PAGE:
PROPER support needs to be in place for the plant hunters of the future, says a new report.
The study details collaboration between the Royal Botanic Garden Edinburgh (RBGE) and the Earthwatch Institute, Natural History Museum, Missouri Botanical Garden and Oxford University.
Led by Oxford University, with input from Dr David Harris and Dr Elspeth Haston at RBGE, the report reveals that more than 50 per cent of the world’s plant species have been discovered by just two per cent of collectors. And, while their predecessors were more inclined to collect in the interests of horticultural diversity, today’s botanists are at the vanguard of international conservation.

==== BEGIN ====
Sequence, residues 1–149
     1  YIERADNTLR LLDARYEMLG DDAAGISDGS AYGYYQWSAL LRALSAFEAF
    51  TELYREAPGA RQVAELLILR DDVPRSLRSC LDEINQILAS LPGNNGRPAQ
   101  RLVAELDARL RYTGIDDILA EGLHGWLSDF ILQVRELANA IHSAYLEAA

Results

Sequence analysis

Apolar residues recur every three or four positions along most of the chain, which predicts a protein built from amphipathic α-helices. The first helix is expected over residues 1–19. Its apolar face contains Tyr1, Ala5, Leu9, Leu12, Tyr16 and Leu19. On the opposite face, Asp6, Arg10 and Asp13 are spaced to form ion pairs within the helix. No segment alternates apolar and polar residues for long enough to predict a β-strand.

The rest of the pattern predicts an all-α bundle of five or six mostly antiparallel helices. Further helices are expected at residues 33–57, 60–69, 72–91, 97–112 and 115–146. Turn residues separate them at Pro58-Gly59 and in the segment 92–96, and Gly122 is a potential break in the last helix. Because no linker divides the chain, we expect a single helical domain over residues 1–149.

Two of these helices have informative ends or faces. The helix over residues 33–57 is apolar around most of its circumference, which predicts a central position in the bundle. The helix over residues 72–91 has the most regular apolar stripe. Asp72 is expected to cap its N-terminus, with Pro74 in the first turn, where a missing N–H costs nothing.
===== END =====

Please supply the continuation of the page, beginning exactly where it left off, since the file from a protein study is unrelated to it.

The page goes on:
As such, the study concludes that, support must be available to nurture plant hunters of the future. At RBGE alone, over the last five years, there has been an average of one new species identification per week. Working with partners around the world, the organisation is creating the working model for global conservation.
Dr Harris said: “Species identification is fundamental to understanding biodiversity. Only when a new species has been named can we start to assess whether or not it is endangered.”